I’ve been wanting to try this for a long time, but getting past the gatekeeper that guarded the etching press that’s sitting idle at UOP had proven problematic. The problem mostly being that the gatekeeper is a complete bitch, ( I guess some see granting access to a community resource as a small game of “king of the hill”).
So when Jess dropped her press that she just pulled off the mountain top into place downtown, I knew now was the moment I’d been waiting for.
The plan is simple. Use the plastic remnants left over from cutting out paper stencils to block in a design. Soak a sheet of watercolor paper and use the press to emboss the design into the sheet. Simple…
The work always starts with knuckling under and flowing into the details…
But Jess has my head floating somewhere else. With added encouragement from friends, we’ve been looking for a space downtown or a cleared an vacant property to drop our kilns into. We need to stabilize our studio and set down some roots and in the process, start training a new generation to burn kilns. ( I can’t wait to describe Jess’s full idea.) The evil plan has gotten pretty well rounded out… not overly complex, but it’s simplicity has the power to make changes.
Out of all the logistical and financial questions floating around, the big question is “Will the city let us do this?” The city of Stockton isn’t currently known for being open to progress and definatly not known for its long standing defense for the arts. In a relitivly short time, this space could house a kilnyard with multiple gas kilns’a learning studio, gardens, and basic quarters. Everyone has to just not say “No”.
We are thinking about dropping in a Q Cabin for the main kiln shed.
Simple studio spaces can be stacked up as needed. The quarters and gardens… well who knows.
Back to the details in front of me. Enjoying spending a short hour in the night studio with a glass of wine, engaging conversation with my favorite smile, and more collab work with Jess. This is what we live for.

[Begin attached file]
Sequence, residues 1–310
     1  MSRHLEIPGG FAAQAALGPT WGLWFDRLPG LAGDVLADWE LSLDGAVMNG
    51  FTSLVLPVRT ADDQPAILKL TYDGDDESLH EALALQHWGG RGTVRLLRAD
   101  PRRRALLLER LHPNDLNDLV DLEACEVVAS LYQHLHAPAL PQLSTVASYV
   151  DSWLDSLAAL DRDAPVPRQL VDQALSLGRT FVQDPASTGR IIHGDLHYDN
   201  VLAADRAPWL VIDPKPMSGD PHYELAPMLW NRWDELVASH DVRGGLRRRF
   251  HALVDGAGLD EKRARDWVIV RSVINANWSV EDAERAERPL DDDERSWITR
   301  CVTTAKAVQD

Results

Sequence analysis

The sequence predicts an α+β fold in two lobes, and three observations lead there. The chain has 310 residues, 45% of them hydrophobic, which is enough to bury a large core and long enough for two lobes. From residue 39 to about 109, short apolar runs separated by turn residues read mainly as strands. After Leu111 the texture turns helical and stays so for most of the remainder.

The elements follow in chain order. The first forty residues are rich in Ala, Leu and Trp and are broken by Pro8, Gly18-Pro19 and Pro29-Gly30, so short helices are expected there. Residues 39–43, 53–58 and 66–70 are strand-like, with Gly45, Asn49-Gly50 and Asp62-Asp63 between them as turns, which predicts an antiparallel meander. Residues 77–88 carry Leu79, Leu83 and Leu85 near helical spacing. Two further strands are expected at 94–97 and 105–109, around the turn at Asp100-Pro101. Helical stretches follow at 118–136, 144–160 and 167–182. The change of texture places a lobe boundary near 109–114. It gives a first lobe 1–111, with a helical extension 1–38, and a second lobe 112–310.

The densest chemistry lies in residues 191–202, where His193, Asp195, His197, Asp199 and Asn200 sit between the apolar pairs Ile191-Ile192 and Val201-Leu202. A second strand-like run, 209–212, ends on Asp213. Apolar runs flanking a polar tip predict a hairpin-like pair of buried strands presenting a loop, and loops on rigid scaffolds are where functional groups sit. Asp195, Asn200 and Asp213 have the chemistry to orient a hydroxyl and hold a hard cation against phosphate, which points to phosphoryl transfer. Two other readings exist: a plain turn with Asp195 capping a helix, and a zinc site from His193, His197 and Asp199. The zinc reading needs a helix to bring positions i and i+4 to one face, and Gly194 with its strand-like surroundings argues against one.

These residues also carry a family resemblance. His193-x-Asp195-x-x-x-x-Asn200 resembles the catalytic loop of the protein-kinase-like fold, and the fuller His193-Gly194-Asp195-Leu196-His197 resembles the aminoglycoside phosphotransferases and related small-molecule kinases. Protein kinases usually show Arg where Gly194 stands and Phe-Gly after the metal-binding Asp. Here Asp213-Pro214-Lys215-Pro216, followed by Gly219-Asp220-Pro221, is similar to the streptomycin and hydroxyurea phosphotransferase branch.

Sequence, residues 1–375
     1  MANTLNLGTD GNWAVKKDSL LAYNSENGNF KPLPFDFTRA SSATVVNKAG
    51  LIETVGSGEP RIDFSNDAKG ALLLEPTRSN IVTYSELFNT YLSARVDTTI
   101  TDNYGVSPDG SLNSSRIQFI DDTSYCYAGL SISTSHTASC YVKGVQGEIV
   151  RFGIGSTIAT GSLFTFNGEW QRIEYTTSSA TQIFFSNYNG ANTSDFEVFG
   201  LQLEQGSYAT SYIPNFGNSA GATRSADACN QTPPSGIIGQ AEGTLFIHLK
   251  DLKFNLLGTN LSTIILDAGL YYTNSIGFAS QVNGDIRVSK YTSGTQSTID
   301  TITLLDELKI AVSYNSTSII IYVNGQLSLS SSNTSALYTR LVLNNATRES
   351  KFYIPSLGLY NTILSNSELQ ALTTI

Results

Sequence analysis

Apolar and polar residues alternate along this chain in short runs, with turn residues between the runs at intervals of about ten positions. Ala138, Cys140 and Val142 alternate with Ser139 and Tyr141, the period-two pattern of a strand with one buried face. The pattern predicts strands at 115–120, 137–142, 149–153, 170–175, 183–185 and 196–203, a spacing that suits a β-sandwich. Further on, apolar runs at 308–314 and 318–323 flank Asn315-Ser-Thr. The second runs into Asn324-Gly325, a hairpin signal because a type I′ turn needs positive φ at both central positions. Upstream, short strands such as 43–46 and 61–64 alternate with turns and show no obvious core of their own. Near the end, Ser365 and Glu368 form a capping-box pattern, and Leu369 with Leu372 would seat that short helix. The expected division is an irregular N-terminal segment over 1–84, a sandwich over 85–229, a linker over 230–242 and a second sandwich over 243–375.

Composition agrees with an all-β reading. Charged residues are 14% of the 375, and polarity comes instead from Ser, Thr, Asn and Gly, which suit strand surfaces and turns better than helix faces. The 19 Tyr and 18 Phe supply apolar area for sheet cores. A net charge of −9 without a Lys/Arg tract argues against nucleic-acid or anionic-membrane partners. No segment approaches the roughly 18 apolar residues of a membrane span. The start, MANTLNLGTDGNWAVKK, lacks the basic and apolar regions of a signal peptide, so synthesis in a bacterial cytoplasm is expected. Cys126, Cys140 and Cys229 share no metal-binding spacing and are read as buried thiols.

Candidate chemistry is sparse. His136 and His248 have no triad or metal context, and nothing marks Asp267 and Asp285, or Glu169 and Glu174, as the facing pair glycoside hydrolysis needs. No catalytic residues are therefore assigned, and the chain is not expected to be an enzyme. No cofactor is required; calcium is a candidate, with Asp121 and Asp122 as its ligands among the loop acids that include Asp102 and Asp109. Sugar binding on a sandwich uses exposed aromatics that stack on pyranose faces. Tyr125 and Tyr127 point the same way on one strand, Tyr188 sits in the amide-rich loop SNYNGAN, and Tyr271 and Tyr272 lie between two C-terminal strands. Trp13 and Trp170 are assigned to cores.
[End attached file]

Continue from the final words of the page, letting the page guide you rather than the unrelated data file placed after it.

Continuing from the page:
Still touching base on my firefly obsession with a new test design. No point in letting the motif go just yet. Using the fireflies as a metaphor for love just makes so much sense to me… That and they are compositionally compelling, adding variation and rhythm to the design. They even seem to lend a feeling of nastalgia, like an old simple block print.
All of this is just speculation until the final firing, but it’s still a nice after work daydream that Jess and I get to pass back and forth.
Filing those wareboards up slowly but steadily in batches of 2’s and 5’s.
Fucked up is easily more interesting than pretty…
It’s a simple statement that, if it’s taken at face value, says quite a bit about the maker that believes it to be true. It’s a safe leap to assume that anyone using this as a precept to propel a body of work forward is a sure sign of someone perpetually in search of problems to work through and/or problems to rally against.
Unfortunately, I believe in this precept.
I apparently need drama in my story line in order to validate the story.
There’s no real story happening without the story being shaped by at least one struggle.